New Technology and Composites

With new technology sweeping into business from every avenue, simply keeping up sometimes feels overwhelming. Lets see - there's checkless banking, electronic inventory control, product data and life cycle management, CAD/CAM and CAE, paperless engineering, automated process control, Internet data exchange, online

With new technology sweeping into business from every avenue, simply keeping up sometimes feels overwhelming.

Lets see - there's checkless banking, electronic inventory control, product data and life cycle management, CAD/CAM and CAE, paperless engineering, automated process control, Internet data exchange, online purchasing, e-mail, instant messaging and Web site development and administration - to mention just of the few of the technologies that will make us more efficient. And they are making us more efficient. That's one of the reasons we have so many unfilled jobs in the U.S. right now. In 1965, Intel cofounder Gordon Moore stated that computer speed would double every 18 months. Now known as Moore's Law, that axiom is predicted to hold true through this decade. I don't know whether to rejoice or retire!

Nevertheless, one can't help but wish that the volume of composite material usage would increase at something like that rate. Isn't it tiresome telling newcomers to the industry not to expect "revolution" in composites, but to expect "evolution" instead?

Granted, introducing to the world a brand-new material, with attendant design considerations, is not an easy task. Look how long it took aluminum to be accepted for automotive applications. And composite materials have their own tricky issues, of course - getting the string into the glue fast has been problematic and, unlike with composites, when using steel, aluminum or wood, you don't have to design the material as you go along.

But I can't help thinking that the composites industry is going to grow at a faster rate than most other industries over the next few years. In the article on p. 20, composites use in Asia - already accounting for 30 percent of global production, is expected to grow at 7 percent annually in the coming years. This is largely based on low-cost industrial applications, where composites are replacing metal parts.

In our wind energy news (p. 14, Irish offshore wind park and U.S. wind farms), we lay out the companies and wind farm projects that are coming in the remainder of this year. Wind power is nearing or at parity with natural gas in terms of cost per kilowatt/hour. This market is indeed booming. And new designs and lighter hybrid materials are predicted to make wind-blade manufacture faster and ultimately even less expensive. So there's no end in sight.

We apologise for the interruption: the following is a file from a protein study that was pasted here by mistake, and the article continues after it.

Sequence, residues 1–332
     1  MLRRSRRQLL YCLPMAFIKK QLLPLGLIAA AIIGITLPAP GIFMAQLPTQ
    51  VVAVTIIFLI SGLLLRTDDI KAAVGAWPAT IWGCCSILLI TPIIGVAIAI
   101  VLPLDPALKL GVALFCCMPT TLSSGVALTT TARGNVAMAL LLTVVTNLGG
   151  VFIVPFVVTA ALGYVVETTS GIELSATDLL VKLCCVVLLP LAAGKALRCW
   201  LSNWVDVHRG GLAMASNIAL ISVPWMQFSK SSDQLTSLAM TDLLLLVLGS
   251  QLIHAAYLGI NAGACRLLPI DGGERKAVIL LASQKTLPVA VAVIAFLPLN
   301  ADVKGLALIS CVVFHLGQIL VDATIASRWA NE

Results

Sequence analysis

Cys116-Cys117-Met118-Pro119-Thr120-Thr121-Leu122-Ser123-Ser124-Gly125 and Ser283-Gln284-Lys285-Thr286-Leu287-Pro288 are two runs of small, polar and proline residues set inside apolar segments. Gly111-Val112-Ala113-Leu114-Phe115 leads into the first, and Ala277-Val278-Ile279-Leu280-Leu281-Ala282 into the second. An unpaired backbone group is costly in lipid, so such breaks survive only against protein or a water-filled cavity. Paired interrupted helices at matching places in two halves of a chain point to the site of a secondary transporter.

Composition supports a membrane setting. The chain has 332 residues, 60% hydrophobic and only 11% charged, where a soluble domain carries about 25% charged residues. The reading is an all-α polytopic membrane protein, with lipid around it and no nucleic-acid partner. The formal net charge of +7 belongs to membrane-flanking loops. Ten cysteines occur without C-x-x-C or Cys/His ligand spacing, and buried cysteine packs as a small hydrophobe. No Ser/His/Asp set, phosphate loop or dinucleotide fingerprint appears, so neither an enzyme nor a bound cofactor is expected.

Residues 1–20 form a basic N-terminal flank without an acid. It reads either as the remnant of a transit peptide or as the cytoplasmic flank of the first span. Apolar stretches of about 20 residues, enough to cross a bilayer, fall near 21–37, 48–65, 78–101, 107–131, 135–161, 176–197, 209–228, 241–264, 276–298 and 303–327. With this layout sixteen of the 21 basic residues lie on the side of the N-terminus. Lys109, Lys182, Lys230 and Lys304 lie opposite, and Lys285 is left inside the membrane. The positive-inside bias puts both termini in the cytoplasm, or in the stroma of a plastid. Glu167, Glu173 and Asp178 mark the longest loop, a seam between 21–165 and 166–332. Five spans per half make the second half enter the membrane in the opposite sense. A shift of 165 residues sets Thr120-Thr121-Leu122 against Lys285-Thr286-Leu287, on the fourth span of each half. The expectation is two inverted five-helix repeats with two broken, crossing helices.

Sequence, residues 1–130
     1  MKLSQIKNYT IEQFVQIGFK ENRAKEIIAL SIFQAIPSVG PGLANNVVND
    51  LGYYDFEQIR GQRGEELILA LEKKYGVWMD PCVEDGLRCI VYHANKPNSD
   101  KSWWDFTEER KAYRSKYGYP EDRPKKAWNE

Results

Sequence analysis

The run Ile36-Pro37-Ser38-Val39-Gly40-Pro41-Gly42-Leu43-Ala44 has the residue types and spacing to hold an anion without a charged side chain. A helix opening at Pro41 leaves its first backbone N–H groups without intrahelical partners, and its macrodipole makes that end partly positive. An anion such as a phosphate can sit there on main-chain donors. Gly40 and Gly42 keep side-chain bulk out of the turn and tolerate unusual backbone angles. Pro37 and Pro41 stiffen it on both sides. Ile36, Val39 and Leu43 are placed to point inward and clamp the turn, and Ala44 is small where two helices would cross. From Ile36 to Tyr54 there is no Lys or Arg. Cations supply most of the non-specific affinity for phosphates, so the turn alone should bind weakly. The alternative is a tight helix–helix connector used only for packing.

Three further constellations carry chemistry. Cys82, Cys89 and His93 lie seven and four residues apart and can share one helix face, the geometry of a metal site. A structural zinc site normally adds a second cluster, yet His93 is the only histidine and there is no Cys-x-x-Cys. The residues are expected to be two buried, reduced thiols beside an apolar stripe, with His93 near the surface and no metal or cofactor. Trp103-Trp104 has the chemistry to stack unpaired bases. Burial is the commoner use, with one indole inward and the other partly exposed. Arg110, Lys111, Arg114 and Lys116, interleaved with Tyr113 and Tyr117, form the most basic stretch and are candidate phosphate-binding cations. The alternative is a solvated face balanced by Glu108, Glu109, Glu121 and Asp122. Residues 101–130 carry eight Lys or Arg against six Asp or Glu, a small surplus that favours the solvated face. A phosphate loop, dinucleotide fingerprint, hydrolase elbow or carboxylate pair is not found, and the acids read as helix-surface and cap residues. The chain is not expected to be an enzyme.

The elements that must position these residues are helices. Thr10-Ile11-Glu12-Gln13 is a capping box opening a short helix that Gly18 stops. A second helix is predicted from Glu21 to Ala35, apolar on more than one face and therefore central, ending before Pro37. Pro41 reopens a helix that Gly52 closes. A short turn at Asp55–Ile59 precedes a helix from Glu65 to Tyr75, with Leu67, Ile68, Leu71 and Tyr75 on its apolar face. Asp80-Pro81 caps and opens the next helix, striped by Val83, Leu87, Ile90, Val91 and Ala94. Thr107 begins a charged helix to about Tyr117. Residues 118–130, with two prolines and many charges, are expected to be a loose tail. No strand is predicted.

Core suppliers are creating a multitude of new core materials in a constant race to facilitate larger, more performance-driven and process-enabling shapes and forms. Our overview article on p. 24 discusses what's available.

Since this October issue of Composites Technology will go to the International Boat Exposition in Miami, Fla., U.S.A. (Oct 27-29), it's fitting that the remaining articles explore marine composites. In Inside Manufacturing on p. 34, we discuss how an old Dutch boatbuilder used a simplified vacuum infusion process to manufacture its large yachts both cost-effectively and cleanly. Engineering Insights (p. 44) discusses a brand new process that enables a thermoformed shell made from a multilayer extruded sheet to replace gel coat in marine and other applications.

All of these articles underscore the ways suppliers are making it easier and cheaper to use composite materials and successfully design and manufacture the parts made with them. We are taking market share from conventional materials in many markets, and materials manufacturers are constantly improving their products. Business may not be doubling every 18 months, but it seems to me we're getting a great deal of work done, and doing it about as fast as we can.